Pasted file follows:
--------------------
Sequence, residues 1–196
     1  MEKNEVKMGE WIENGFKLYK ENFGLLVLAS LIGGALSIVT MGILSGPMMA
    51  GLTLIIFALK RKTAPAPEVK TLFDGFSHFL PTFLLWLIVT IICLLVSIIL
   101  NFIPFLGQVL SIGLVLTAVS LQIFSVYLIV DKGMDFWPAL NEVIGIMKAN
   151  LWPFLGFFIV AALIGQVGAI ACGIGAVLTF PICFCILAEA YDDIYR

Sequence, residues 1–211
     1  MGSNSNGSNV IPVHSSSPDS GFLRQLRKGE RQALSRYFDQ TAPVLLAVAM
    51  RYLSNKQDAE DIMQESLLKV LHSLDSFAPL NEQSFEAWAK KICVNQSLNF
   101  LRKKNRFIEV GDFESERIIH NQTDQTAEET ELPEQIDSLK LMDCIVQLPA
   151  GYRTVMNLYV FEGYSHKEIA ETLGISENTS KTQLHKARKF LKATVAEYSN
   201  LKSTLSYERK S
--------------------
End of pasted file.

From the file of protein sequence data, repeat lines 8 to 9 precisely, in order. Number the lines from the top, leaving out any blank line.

    51  RYLSNKQDAE DIMQESLLKV LHSLDSFAPL NEQSFEAWAK KICVNQSLNF
   101  LRKKNRFIEV GDFESERIIH NQTDQTAEET ELPEQIDSLK LMDCIVQLPA